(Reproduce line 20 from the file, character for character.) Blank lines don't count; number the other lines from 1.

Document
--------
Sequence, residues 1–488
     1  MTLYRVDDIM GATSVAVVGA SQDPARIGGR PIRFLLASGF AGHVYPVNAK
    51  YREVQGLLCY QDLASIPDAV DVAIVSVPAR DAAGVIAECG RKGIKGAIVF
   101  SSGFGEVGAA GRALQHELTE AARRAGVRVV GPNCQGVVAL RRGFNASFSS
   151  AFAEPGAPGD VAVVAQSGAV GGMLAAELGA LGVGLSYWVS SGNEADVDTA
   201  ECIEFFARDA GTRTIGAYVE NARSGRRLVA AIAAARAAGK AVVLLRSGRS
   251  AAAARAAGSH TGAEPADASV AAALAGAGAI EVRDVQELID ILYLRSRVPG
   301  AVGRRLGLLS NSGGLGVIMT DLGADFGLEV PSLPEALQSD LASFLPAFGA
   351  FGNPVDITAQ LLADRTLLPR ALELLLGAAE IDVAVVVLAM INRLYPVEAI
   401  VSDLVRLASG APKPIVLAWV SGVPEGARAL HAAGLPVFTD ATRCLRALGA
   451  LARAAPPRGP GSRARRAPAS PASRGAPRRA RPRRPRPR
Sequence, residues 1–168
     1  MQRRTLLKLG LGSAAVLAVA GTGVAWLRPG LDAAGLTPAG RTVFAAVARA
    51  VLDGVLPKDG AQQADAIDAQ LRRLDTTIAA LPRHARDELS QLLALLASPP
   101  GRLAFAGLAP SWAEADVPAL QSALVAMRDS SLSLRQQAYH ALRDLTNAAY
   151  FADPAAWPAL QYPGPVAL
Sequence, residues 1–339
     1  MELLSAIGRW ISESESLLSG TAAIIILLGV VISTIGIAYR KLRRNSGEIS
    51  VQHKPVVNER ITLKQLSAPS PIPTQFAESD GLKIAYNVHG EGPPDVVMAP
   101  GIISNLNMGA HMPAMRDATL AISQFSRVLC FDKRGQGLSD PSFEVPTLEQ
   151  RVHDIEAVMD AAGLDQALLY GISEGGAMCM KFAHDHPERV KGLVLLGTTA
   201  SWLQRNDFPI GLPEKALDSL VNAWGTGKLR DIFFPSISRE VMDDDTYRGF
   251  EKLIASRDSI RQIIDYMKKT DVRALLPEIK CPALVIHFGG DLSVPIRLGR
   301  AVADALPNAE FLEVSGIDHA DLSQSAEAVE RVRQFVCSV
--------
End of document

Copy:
   101  GIISNLNMGA HMPAMRDATL AISQFSRVLC FDKRGQGLSD PSFEVPTLEQ